StubHub is hit with a lawsuit for overcharging customers with systematic ‘junk fees.’
Customers are suing StubHub for the alleged systematic overcharging for Beyonce concerts and other popular shows by consistently underestimating fees, contributing to the overall “junk fee” epidemic. The lawsuit, filed by Lisa Alcarez and Brian Hong in US District Court, Northern District of California, sites several “experiments” enacted by the plaintiffs that reveal fees incorrectly calculated “like clockwork.”
“StubHub is not estimating anything — it is misrepresenting the price it claims it can cause tickets to be delivered to customers by a consistent amount,” reads the lawsuit. “Worse yet, this bait and switch is made even more deceptive by the fact that the price increases only at the final checkout screen.”
Alcarez and Hong say they tried to purchase tickets for a Beyonce concert at $512 each, which StubHub said included fees. But after getting through nine pages and pop-ups, the price ultimately increased to $515 a piece. According to Bloomberg, Hong and Alcarez showed that StubHub consistently underestimates fees for tickets over $20 in price by $3 per ticket, and by $2-3 for “lower-priced” tickets.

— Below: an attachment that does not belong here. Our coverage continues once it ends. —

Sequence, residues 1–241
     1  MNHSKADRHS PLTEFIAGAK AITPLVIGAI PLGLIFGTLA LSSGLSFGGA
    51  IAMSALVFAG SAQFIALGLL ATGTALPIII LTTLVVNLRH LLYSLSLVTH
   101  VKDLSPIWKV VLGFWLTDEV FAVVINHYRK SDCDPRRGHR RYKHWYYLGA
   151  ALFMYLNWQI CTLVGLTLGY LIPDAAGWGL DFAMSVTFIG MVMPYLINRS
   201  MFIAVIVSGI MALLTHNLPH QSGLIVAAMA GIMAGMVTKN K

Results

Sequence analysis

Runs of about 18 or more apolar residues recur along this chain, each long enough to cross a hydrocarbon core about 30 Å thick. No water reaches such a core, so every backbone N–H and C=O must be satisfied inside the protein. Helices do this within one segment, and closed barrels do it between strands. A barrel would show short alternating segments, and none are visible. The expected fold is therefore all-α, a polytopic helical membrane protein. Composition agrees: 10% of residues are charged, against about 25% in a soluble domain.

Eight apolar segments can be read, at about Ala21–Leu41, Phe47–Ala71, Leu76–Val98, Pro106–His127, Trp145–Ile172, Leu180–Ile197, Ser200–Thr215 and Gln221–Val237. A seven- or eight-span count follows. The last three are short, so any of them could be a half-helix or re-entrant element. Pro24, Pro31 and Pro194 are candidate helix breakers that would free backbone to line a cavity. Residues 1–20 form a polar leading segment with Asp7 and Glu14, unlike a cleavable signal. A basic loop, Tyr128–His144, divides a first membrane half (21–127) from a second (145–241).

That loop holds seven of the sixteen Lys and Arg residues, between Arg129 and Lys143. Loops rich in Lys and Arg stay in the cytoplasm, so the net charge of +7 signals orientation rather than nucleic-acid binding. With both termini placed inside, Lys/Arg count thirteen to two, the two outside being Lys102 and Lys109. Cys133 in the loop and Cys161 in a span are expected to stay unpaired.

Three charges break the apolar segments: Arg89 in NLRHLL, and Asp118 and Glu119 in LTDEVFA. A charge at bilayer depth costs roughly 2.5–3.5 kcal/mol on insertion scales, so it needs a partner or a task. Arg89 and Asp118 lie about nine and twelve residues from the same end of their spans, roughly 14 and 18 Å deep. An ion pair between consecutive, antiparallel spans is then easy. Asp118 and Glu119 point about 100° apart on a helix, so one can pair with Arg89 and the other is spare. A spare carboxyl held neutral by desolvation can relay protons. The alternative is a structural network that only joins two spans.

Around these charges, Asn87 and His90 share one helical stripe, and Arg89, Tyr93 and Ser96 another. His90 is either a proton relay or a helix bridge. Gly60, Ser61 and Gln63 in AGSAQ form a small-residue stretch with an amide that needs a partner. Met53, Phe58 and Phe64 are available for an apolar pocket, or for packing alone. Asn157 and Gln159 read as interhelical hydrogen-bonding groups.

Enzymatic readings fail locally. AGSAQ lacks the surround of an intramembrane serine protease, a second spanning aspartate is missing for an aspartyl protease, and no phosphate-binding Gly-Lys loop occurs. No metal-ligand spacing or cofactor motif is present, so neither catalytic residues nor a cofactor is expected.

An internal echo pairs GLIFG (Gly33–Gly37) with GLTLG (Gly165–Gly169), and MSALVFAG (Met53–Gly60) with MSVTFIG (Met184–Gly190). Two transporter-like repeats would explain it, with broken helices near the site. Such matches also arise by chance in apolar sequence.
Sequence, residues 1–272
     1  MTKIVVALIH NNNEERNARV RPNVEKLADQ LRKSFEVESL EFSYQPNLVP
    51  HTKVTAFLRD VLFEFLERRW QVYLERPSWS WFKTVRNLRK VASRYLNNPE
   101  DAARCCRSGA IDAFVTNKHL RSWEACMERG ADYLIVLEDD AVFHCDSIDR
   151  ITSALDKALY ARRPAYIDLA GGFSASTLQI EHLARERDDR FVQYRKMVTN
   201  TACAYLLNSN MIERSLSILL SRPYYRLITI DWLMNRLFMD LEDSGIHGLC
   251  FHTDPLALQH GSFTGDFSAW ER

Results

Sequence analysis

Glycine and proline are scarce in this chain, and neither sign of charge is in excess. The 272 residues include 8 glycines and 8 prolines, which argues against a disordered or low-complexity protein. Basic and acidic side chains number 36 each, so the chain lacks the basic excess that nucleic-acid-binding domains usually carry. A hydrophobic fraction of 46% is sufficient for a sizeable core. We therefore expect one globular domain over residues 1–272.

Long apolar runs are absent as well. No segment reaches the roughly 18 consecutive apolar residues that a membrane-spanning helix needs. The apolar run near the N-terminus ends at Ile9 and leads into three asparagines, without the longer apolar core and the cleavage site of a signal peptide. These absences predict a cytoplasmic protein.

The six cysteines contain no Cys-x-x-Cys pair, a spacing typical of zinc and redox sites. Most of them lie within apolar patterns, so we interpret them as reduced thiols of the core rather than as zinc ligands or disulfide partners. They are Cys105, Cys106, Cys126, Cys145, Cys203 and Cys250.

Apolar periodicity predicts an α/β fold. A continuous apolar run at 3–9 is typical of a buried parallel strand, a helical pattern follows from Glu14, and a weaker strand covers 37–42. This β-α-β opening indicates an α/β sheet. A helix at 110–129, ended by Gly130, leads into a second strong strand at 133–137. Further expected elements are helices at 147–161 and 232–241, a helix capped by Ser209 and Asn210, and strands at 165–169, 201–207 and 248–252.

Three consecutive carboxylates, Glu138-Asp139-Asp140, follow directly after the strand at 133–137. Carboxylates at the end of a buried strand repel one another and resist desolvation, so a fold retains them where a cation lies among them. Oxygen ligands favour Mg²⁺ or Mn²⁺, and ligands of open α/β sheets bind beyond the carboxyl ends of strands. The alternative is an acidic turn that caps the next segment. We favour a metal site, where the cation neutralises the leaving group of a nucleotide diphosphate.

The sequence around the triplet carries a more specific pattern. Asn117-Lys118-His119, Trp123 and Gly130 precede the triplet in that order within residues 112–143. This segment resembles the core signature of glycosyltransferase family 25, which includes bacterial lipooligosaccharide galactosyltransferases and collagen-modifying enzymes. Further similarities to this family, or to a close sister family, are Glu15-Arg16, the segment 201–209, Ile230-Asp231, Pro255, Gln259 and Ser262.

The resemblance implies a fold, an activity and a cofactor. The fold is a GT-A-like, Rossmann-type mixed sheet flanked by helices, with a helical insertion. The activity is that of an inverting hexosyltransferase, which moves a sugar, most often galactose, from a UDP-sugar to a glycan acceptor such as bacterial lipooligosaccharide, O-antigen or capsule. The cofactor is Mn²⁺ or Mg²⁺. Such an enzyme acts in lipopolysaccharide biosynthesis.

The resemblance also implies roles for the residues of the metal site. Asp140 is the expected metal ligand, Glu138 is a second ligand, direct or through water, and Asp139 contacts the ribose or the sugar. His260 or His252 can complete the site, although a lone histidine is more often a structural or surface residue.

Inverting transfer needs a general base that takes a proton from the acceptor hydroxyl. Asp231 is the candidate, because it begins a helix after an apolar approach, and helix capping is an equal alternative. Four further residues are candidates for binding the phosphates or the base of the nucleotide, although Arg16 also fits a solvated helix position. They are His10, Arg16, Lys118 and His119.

The lawsuit also points out how that the FTC is “not the only governing body that is concerned by organizations nickel and diming consumers through manipulative practices. The US Senate Committee on Commerce, Science, and Transportation recognizes the need for more action to protect consumers from ‘junk fees’” — that is, fees tacked onto the price of a product or service after a price has already been advertised to a consumer.
If passed, the TICKET Act, a bipartisan piece of legislation approved by the Senate Committee to be considered by the full Senate, will require event ticket sellers to display the total ticket price upfront — including all fees — in any advertising that lists a price. Further, the lawsuit points out President Biden’s opposition to such ‘junk fees,’ including online concerts and sporting events.